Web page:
Productivity and Minimalism: Why Less Is More

Published by Manuela Palacio on

The wisdom of life consists in the elimination of non-essentials.

– Lin Yutang

We are a generation of overachievers. According to the 2016 Staples Business Advantage Workplace Index, 91% of people work more than 40 hours a week at least some of the time. We consider that by doing more we are better employees and we are not to blame. The era we are in is one of consumption: the value of quantity is thought to be more important than the value of quality. We are drowning ourselves with busy work using the false pretense that being productive means to do more. In fact, this “more-ness” is nothing but harmful. By increasing the number of things to do, the ones that are actually important are being left behind or done poorly. So, what are we going to do?

1. Prioritize and Erase

We have previously talked about the prioritization of tasks. Remember the Pareto principle: 80% of your results come from 20% of your work. So, organize your tasks by order of importance (also known as impact). Put the tasks that will eliminate a larger portion of your workload first. Then, add those that your team needs to complete their tasks. Third, add those that are time-sensitive. Finally, ask yourself whether the leftover tasks will have an actual impact on your project. Unnecessary tasks should be erased.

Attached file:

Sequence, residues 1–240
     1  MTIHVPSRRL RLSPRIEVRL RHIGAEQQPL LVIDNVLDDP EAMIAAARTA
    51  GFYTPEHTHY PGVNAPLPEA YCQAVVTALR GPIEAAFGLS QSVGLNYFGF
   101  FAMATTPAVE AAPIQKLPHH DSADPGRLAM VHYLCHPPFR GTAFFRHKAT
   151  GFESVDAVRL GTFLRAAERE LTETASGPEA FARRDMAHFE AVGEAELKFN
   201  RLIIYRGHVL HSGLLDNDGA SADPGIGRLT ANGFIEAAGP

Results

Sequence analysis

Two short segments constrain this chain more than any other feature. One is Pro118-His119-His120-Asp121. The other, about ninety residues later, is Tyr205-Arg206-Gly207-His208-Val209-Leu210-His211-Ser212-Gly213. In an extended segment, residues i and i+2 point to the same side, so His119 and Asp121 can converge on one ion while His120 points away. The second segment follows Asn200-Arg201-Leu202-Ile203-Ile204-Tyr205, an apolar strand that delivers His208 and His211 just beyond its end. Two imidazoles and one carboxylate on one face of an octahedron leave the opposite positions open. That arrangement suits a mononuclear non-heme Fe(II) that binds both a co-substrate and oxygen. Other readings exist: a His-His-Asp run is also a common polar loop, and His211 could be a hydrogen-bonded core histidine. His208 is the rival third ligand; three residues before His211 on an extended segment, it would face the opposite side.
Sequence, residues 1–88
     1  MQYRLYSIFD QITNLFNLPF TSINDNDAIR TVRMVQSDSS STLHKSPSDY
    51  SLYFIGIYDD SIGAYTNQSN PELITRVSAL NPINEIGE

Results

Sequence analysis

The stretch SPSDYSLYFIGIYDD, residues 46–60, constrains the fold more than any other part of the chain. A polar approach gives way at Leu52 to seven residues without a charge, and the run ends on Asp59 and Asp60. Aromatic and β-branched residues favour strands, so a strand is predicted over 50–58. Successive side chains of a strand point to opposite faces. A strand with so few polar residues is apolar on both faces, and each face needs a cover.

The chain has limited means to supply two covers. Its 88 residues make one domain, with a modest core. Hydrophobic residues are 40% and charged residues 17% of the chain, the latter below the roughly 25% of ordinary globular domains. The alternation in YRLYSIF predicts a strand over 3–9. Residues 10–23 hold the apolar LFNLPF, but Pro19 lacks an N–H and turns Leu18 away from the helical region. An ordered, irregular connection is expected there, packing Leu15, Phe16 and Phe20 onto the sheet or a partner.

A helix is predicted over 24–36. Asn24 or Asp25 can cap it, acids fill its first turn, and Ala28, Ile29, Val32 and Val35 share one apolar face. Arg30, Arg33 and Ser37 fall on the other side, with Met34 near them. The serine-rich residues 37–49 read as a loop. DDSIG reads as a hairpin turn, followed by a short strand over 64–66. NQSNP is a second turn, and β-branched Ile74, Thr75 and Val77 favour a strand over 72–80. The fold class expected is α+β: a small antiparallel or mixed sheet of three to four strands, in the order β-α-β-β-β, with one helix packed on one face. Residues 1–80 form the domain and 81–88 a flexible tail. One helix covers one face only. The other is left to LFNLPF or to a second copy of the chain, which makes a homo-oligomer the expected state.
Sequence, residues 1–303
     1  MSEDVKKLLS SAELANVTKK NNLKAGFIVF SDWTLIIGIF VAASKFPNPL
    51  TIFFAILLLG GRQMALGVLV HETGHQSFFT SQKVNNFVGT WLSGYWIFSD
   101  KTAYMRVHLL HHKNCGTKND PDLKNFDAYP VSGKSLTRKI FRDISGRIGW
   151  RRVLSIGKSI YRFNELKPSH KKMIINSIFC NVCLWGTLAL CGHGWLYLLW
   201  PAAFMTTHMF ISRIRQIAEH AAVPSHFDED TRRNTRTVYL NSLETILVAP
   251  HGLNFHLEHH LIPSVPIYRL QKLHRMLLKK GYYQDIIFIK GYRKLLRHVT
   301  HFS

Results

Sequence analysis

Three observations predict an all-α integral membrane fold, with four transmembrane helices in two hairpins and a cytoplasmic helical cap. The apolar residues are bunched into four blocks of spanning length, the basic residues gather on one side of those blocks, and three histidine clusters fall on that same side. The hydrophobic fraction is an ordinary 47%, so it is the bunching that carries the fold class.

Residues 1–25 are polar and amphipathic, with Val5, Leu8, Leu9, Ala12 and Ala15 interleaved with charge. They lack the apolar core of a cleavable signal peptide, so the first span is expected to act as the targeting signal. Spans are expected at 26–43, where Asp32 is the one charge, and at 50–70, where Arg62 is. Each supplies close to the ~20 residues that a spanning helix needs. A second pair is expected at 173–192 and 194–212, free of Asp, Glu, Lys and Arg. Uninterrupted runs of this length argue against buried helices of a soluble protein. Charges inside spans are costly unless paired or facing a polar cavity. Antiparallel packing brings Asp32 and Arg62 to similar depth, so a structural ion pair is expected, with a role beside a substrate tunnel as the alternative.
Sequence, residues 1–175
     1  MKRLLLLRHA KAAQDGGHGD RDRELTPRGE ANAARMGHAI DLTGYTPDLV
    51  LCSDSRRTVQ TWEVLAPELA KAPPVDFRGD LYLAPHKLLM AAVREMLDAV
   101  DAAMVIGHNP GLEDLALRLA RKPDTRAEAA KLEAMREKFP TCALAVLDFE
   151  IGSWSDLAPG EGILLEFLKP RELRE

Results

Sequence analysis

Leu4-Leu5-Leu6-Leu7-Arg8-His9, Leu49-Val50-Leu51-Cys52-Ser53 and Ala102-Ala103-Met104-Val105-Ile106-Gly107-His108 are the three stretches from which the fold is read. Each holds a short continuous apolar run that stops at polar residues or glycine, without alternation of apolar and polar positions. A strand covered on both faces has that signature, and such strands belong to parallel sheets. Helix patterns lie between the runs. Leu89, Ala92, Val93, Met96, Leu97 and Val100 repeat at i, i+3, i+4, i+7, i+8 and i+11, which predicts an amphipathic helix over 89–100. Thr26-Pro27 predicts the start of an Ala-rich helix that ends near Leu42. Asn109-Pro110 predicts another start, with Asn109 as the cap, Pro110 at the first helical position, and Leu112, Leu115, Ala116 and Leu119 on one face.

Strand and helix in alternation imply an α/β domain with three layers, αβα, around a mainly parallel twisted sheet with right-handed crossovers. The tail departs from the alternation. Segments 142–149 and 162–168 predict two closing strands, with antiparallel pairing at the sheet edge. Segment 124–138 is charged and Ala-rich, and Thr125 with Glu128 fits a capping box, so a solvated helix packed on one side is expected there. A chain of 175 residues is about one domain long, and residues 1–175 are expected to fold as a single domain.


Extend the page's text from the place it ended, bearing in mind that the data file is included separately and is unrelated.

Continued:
2. Repeat After Me: “I Shall Not Multitask”

According to research by the American Psychological Association, multitasking reduces our productivity by 40%. Tasks are meant to be done in a sequential order, not parallel. Even though it has been proved that our brain can focus on two tasks at the time, that is our limit. Even then, multitasking increases the risk of making a mistake. According to experts, it can also cause stress and dampen creativity. To be productive you need to beat the multitasking myth and manage your attention. Focus solely on the task you are completing and then move on to the next one (and that includes “small stuff” like checking your e-mail). This will not only decrease the amount of time it takes you to complete each task, but it also will improve its quality.

3. Learn to Say No

No to your boss who’s asking too much from you. No to your coworker that just “asked for a favor”. No to yourself when you think you can do a “little bit more”. The best way to avoid overworking and hurting your productivity is by knowing when “more” is “too much”. This might be the hardest part. Just remember: you are human, you have limits, and a job well done is more satisfying than three done in a rush.

Categories: Productivity


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